ER Editor: Shuffling the deckchairs on the Titanic we very much hope.
Our thanks to Dutch colleague Michel van der Kemp for the heads-up.
This week, following the announcement to ‘step down’ from the climate czar job a little while ago by former EU Commissioner Frans Timmermans (why on earth would he do this? Oh yeah, to run in the Dutch elections, where he isn’t at all popular, because that’s what you do at the end of a successful bureaucratic career), two candidates have been jockeying for position where neither originally received enough votes (a 2/3 majority is needed) – Dutchman and globalist Wopke Hoekstra and Slovak Maroš Šefčovič. Hoekstra finally got it. Šefčovič comes from Robert Fico‘s party. Fico is dangerously sympathetic to Russia for any of his candidates to be elected. You know, Putin. See what we published on this from this past week.
Of note from euronews —
Hoekstra’s nomination for the climate role had sparked controversy among environmental groups, who claimed he lacked the credentials to lead the EU’s climate action policies. He voted down key environmental laws in the Dutch parliament and previously worked for oil and gas giant Shell.
But he surprised MEPs on Monday when he vowed more climate ambition and new measures to curb climate change, including a tax on aviation fuel.
The Dutchman has now been given extra time to provide further declarations on his past work for global consulting firm McKinsey.
If successful, Hoekstra would represent the bloc in key international climate negotiations, including the UN COP28 conference in Dubai.
Canfin acknowledged on Tuesday that there is a real risk there will be no climate commissioner representing the EU at COP28 if Hoekstra’s candidacy is delayed.
Hoekstra sounds like the perfect hypocritical tool – having worked for the right industries historically, who will do the right thing on cue, regardless of his personal convictions about climate policy. And he’s a former McKinsey boy, like Macron. A perfect example of the revolving door between corporations and government.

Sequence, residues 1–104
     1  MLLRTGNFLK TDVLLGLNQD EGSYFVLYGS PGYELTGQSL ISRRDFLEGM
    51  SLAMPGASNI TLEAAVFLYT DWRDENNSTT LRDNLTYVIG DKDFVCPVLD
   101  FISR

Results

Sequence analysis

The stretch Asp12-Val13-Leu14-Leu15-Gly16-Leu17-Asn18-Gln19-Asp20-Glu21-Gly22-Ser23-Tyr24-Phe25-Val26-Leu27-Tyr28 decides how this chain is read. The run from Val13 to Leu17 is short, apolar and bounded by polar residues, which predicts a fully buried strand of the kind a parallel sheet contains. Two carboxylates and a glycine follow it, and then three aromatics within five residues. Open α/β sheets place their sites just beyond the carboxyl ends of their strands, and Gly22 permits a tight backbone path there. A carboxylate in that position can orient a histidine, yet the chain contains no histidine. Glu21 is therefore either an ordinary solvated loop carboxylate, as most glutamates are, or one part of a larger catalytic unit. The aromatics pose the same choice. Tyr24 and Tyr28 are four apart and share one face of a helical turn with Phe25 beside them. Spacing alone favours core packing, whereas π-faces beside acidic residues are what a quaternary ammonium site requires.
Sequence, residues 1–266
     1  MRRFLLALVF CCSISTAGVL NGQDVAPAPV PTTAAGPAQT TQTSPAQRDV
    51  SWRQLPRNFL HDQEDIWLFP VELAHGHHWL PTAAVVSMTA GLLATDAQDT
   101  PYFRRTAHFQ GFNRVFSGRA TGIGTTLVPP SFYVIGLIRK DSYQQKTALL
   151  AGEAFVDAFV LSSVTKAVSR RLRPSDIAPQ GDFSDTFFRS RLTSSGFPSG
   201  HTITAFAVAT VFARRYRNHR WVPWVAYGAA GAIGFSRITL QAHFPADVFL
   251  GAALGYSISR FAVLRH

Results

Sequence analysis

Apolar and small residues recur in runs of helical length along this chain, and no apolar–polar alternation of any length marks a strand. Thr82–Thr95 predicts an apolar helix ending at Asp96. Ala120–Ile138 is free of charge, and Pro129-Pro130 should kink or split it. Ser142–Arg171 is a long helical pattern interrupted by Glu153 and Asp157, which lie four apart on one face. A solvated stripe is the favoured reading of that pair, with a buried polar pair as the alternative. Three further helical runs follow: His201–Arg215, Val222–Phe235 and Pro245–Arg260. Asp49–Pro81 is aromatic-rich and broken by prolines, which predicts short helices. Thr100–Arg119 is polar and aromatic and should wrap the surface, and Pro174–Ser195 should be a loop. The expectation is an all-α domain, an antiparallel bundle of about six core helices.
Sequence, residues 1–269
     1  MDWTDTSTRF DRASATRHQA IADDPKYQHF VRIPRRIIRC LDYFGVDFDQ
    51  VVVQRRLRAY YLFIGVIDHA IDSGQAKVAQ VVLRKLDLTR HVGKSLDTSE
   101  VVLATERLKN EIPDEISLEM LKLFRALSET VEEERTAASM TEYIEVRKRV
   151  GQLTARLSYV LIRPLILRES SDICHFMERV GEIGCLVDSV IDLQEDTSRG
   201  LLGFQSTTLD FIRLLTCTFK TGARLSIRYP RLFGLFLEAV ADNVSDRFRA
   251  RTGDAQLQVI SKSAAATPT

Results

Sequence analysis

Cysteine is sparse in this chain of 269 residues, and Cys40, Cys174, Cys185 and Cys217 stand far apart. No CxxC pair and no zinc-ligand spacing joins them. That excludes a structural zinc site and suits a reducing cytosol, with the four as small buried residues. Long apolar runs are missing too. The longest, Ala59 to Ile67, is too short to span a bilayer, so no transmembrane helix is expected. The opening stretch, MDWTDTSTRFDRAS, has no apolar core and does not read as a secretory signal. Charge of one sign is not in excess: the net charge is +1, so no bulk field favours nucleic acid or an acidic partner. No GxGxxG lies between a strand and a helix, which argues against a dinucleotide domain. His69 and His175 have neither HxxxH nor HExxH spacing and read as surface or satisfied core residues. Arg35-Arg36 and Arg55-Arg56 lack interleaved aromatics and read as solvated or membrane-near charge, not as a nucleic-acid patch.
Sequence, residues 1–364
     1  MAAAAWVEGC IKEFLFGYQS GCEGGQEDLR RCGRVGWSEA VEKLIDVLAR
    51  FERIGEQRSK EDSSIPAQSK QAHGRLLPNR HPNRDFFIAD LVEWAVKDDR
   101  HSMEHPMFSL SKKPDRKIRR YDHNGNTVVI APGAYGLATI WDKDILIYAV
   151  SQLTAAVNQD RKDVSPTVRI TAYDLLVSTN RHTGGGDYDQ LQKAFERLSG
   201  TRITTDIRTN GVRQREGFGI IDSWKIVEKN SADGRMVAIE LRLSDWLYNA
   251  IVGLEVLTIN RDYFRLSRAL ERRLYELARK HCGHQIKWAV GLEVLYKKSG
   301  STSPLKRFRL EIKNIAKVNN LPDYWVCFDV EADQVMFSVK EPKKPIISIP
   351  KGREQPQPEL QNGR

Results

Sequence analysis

The EU is predicted to go down by big picture analysts. This can’t come too soon in our humble opinion.
The article below by Rene van Rijckevorsel is machine-translated. We apologize for awkwardness in the language.
Politico.eu (severe MSM warning) also picked up the story yesterday. See —
Of note, showing that the dominant forces in the EU don’t give the proverbial you-know-what about the electorate:
If the EU was to get a conservative climate commissioner, left-wing lawmakers were going to make it hurt — for a bit, at least.
On Wednesday, the EU’s new Green Deal chief Maroš Šefčovič and climate Commissioner-designate Wopke Hoekstra finally won the blessing of the European Parliament’s environment committee. A formal confirmation vote in plenary is scheduled for Thursday.
The committee’s approval came only after MEPs, unsatisfied with what they had heard in hours-long hearings earlier this week, forced Šefčovič and Hoekstra to answer additional questions in writing.
Green-minded MEPs in particular sought to put pressure on both candidates, demanding clarity on specific legislative files and diplomatic efforts — in particular setting the EU’s new climate goal for 2040.
But as much as the lawmakers insisted that this was all about substance, they ultimately waved the candidates through despite gaining little in the way of new policy commitments.
Instead, the prolonged hearings were all about sending a message: Don’t mess with the Green Deal.
With EU elections on the horizon, the past year has seen an increasing number of governments and MEPs — particularly on the right — pushing for weaker EU green legislation as the policies start to hit home for voters.
Left-leaning MEPs were aghast at the idea of an EPP man in charge of the bloc’s climate policy, given that Hoekstra’s political family has spent much of the year campaigning for weaker nature conservation rules and less green regulation.
Wopke Hoekstra becomes European Commissioner: hearing was quite embarrassing
The rather implausible public interrogation of Wopke Hoekstra by the European Parliament has not done either party a favor
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